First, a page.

At 93, Korean man faces down Japanese corporation that used his wife for wartime slave labor

Posted on : 2024-02-28 16:53 KST Modified on : 2024-02-28 16:53 KST
Kim Myeong-bae flew to Toyama, Japan, to attend a general shareholders meeting of the Nachi-Fujikoshi Corp in hopes of getting justice for his deceased wife, who was drafted into labor for the munitions manufacturer at the age of 12
Kim Myeong-bae, the widowed husband of a victim of Japanese forced labor mobilization, speaks at a rally held ahead of a Nachi-Fujikoshi shareholders meeting on Feb. 27, 2024, in Toyama, Japan. There, he calls for an apology and reparations for victims. (Kim So-youn/The Hankyoreh)
Kim Myeong-bae, the widowed husband of a victim of Japanese forced labor mobilization, speaks at a rally held ahead of a Nachi-Fujikoshi shareholders meeting on Feb. 27, 2024, in Toyama, Japan. There, he calls for an apology and reparations for victims. (Kim So-youn/The Hankyoreh)

“I’m here not to make a request, but to offer a warning. Fujikoshi needs to make an apology and give compensation to the victims of forced labor in accordance with the Supreme Court’s decision,” the old man shouted boldly at Tsutomu Kurosawa, the president of Nachi-Fujikoshi Corp, at 10 am on Tuesday as snow turned to hail.

Kim Myeong-bae, 93, was attending the general meeting of shareholders of Nachi-Fujikoshi Corp, a Japanese conglomerate producing machine parts and other components in the Japanese city of Toyama, in Toyama Prefecture. He had come all the way from his home in Yongin, in Korea’s Gyeonggi Province, with the hope of getting justice for his wife, who was a victim of forced labor during Japan’s colonial occupation of Korea.

“I’m angry that my wife never heard a single word of apology [from Fujikoshi]. In the end, we prevailed at the Supreme Court. Fujikoshi needs to stop hiding behind the Korea-Japan claims agreement [concluded in 1965],” said Kim, as he held a funeral portrait of his wife at the site of the shareholders’ meeting.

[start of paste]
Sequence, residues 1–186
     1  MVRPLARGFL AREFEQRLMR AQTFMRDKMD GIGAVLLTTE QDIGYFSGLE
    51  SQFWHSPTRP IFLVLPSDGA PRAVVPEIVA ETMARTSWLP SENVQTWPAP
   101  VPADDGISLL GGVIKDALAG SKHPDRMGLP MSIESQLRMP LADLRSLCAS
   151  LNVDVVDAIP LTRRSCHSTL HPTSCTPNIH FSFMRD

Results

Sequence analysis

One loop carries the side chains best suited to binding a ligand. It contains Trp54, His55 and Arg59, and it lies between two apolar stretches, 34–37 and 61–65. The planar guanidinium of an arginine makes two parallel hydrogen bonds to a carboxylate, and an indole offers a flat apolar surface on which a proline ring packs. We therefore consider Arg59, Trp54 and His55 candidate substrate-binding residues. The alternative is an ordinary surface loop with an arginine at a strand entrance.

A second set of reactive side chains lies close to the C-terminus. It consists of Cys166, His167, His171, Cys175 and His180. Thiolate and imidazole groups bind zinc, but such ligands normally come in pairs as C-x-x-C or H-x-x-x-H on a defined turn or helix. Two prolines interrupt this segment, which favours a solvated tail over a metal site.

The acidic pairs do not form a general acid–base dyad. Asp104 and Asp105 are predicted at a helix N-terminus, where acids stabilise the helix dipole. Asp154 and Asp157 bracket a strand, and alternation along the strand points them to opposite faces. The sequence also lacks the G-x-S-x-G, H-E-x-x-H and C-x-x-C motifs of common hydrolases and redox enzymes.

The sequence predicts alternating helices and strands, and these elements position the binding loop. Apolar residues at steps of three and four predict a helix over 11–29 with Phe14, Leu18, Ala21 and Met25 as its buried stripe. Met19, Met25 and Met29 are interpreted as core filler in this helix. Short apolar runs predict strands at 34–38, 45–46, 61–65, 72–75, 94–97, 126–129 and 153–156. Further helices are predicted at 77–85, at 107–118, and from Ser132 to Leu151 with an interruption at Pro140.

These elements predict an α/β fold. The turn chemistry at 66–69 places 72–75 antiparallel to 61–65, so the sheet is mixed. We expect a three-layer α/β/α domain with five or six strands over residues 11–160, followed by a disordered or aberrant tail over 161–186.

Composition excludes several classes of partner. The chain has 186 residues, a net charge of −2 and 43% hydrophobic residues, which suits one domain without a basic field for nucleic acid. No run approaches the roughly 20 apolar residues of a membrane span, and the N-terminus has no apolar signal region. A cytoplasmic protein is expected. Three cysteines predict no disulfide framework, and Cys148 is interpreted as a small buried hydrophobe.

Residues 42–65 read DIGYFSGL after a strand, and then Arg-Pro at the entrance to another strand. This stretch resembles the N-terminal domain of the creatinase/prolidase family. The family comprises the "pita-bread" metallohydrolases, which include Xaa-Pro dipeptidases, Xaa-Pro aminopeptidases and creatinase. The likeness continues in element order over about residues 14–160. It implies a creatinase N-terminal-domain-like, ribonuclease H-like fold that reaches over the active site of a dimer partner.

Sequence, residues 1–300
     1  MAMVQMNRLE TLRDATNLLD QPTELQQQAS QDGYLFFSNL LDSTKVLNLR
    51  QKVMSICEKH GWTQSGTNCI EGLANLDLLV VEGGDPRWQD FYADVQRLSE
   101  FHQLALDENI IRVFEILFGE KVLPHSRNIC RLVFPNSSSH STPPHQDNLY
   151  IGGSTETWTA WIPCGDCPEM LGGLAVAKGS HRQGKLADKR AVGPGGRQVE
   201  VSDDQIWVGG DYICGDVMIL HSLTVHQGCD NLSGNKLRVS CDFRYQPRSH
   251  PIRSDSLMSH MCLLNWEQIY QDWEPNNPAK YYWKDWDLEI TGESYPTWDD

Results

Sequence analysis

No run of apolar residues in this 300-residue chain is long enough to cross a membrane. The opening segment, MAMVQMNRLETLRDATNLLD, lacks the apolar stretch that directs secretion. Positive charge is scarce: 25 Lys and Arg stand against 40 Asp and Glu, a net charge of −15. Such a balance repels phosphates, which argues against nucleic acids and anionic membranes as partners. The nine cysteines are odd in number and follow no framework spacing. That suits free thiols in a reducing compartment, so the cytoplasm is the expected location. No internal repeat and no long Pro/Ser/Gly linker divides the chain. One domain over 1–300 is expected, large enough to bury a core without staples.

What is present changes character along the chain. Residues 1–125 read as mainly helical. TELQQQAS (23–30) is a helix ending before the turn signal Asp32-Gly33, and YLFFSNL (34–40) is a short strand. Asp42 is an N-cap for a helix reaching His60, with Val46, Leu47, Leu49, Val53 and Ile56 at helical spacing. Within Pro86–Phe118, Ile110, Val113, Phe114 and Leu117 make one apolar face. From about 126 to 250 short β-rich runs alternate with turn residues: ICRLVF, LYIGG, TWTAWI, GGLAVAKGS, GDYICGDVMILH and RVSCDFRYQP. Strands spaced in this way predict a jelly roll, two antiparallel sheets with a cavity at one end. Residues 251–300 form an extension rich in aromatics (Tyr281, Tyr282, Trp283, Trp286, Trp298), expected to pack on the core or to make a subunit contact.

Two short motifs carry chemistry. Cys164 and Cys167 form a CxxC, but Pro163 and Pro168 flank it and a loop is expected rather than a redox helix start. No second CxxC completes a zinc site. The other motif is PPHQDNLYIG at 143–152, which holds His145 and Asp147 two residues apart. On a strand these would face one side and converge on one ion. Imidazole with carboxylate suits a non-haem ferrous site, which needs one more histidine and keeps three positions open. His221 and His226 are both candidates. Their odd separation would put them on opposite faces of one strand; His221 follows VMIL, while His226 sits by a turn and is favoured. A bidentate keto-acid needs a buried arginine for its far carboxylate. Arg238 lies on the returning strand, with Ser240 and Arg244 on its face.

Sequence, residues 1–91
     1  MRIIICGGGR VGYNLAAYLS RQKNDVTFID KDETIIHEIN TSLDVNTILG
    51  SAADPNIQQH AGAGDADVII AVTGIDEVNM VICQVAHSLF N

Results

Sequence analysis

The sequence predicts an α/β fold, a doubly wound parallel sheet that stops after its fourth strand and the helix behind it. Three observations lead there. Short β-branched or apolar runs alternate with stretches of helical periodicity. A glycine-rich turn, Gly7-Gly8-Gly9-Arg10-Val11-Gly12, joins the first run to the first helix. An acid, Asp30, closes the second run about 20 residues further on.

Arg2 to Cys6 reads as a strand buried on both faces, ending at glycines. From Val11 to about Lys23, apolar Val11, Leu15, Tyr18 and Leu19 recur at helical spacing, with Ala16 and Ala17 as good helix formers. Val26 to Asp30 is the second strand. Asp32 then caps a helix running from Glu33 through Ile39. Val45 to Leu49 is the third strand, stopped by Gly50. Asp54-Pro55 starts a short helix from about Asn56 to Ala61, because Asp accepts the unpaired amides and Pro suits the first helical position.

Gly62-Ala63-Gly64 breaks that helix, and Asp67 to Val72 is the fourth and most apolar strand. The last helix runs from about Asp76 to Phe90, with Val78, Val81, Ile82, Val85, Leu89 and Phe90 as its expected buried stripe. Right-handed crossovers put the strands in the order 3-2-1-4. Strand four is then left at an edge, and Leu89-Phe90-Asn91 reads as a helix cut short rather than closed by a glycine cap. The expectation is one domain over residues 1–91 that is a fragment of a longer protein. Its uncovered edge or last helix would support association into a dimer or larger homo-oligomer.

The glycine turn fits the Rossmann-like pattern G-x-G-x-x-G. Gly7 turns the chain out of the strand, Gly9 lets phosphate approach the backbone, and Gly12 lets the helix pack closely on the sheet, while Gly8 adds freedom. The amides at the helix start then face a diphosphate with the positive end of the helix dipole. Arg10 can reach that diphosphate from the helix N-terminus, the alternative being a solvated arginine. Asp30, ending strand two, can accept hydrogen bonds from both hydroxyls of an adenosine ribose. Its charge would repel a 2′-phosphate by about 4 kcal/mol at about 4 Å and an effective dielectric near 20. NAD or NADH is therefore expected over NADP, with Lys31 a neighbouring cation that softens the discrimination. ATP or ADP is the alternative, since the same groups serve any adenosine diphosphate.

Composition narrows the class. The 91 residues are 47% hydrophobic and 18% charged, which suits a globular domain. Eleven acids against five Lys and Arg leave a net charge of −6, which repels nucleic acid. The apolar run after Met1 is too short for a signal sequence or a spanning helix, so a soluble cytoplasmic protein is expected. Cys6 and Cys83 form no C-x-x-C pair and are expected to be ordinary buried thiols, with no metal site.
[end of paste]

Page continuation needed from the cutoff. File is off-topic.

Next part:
In March 1945, Kim’s late wife Lim Yeong-suk was persuaded by her Japanese teacher to sign up for the Korean Women's Volunteer Labor Corps at the age of 12, when she was about to graduate from elementary school. That was how Lim ended up working for Fujikoshi, a munitions manufacturer.

Lim had been drawn by the promise of making decent money in good working conditions, but when she reached Toyama, the situation was very different from what she’d been told. There wasn’t enough to eat, and the workers had to spend eight hours a day filing down iron to make airplane parts. Lim never received a cent for her labors and returned to Korea empty-handed in October 1945, two months after the country’s liberation from Japan.

The Hokuriku Group, a civic organization that helps fund lawsuits by victims of forced labor mobilization by Nachi-Fujikoshi, and other empathetic Japanese citizens held a rally outside the Nachi-Fujikoshi factory in Toyama, Japan, on Feb. 27, 2024, where a general shareholders meeting was being convened, to call for an apology and reparations for victims. (Kim So-youn/The Hankyoreh)
The Hokuriku Group, a civic organization that helps fund lawsuits by victims of forced labor mobilization by Nachi-Fujikoshi, and other empathetic Japanese citizens held a rally outside the Nachi-Fujikoshi factory in Toyama, Japan, on Feb. 27, 2024, where a general shareholders meeting was being convened, to call for an apology and reparations for victims. (Kim So-youn/The Hankyoreh)

Lim filed a damages lawsuit at the Toyama District Court against Nachi-Fujikoshi with other victims in 2003, but then passed away unexpectedly in 2004, the next year. The plaintiffs ultimately lost their suit.

Kim then filed another lawsuit in a Korean court in 2013 in place of his deceased wife, and then on Jan. 25, 11 years later, Korea’s Supreme Court ruled in his favor.

A total of 41 plaintiffs have won lawsuits related to forced labor at the Supreme Court. That includes 23 direct victims of forced labor, but only eight of them are currently alive.

“My wife felt so much resentment about her time at Fujikoshi and would often talk about it. How could I just quit when I know the truth?” said Kim, who spent 40 years working as an elementary school teacher.